WatchUSeek Watch Forums banner

1 - 8 of 8 Posts

·
Registered
Joined
·
132 Posts
Discussion Starter #1
Hi All,

I've recently been trying to gain a greater understanding of radium and tritium especially as my interests are working on vintage Watches.

But one thing that came to mind was that considering how radium basically destroys the material that it's mixed with and crumbles.
How will watches that contain radium be preserved for the future?


I read somewhere that around 80% of a watches value is based on the original condition of the dial?



Many thanks

Lee
 

·
Registered
Joined
·
480 Posts
Radium is very destructive. I saw plexiglass crystals cracked under Radium emission. Luminescent compound components should degrade as well.
 

·
Registered
Joined
·
1,673 Posts
Lee,

My 2 cents is that these watches were NEVER designed to last for hundreds of years, and the use of "radium" was just a gimmick to sell more watches until the poor ladies who used to apply the radium to the dial started dropping dead from radiation poisoning.

Sure in a perfect world, if the watch would last forever, everybody would be happy campers....However, in the real world, if they did last forever, these company's wouldn't have been in business very long....:roll:
 

·
Premium Member
Joined
·
6,673 Posts
Hi All,

I've recently been trying to gain a greater understanding of radium and tritium especially as my interests are working on vintage Watches.

But one thing that came to mind was that considering how radium basically destroys the material that it's mixed with and crumbles.
How will watches that contain radium be preserved for the future?


I read somewhere that around 80% of a watches value is based on the original condition of the dial?



Many thanks

Lee
I am seeing quite a few collectible watches where the radium has been deliberately removed (and sometimes replaced), with the justification of safety. I have even read articles advocating this as a deliberate policy. I initially expected the market to reject this entirely, but surprisingly, my sense is that the collector's market is actually divided on the practice. Some people have apparently been convinced that it is unsafe to wear a watch with radium on the dial, and feel that the proper thing to do is to replace it.
 

·
Registered
Joined
·
3,822 Posts
I am seeing quite a few collectible watches where the radium has been deliberately removed (and sometimes replaced), with the justification of safety. I have even read articles advocating this as a deliberate policy. I initially expected the market to reject this entirely, but surprisingly, my sense is that the collector's market is actually divided on the practice. Some people have apparently been convinced that it is unsafe to wear a watch with radium on the dial, and feel that the proper thing to do is to replace it.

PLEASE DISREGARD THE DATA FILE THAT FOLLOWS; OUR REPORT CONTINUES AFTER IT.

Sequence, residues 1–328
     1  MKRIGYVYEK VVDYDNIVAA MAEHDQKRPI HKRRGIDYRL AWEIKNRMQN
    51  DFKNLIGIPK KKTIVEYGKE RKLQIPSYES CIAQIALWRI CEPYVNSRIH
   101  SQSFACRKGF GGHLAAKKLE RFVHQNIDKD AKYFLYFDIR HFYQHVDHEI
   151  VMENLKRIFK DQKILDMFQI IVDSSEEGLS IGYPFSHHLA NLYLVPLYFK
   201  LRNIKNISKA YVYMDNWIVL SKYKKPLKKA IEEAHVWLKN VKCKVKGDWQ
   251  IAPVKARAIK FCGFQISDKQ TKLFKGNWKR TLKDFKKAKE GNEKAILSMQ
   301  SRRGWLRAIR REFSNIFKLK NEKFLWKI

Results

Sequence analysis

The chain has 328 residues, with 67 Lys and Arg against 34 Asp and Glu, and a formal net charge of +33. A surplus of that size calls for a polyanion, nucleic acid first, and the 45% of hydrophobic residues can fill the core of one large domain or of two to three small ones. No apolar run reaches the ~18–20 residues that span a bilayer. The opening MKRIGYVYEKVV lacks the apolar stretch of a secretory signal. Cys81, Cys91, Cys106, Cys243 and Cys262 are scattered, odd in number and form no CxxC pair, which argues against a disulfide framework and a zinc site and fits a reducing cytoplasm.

Personally I am torn, if the lume is in good condition, it is my preference to keep it. If it is degrading at all, I will replace with period sympathetic lume.

However, as time goes on, the balance is shifting to replace - I am becoming more uneasy with it as I increase my potential exposure.
 

·
Registered
Joined
·
2,025 Posts
Dial condition is a big part of the value, but there are divided opinions about originality. For some, any redial no matter how correct and perfectly executed, will ever be acceptable.

Others, particularly collectors of American vintage watches, note that back in the day, watchmakers often offered redialing as a part of the service - remember, most vintage American watches are not the least bit waterproof.

So, a lot depends on what part of the market you're in.

I know a number of American vintage collectors who have had radium-lumed dials redone, but with fluorescent lume instead of radioactive. Gives you some idea what they originally looked like.
 

·
Registered
Joined
·
363 Posts
Given that the radium was usually hand painted, I have no problem with replacement as the quality should be equal to that of the original. I don't have a problem with any restoration work that is indistinguishable from the original. Yes the new lume may be a very slightly different coloUr, but two things make this acceptable to me:
1/ Give the safety implications of crumbling radium based lume, it's definitely the lesser evil.
2/I'm severely coloUr blind and wouldn't notice anyway!
 

·
Registered
Joined
·
312 Posts
They were not made for hundred years??????
I doubt this....;-)

My 73-years old Excelsior Park with genuine radium dial looks very nice for that age.
The Minerva with radium dial (not serviced yet, as found, with yellowed crystal) was not in such good conditions.
I think, the conditions depends on the behavier of the previous owners....

CIMG0215.jpg

CIMG0355.jpg

I do not know, how to preserve the good dial of the excelsior park, but I do not think about next 50 years....

Best regards,
Peter
 
1 - 8 of 8 Posts
Top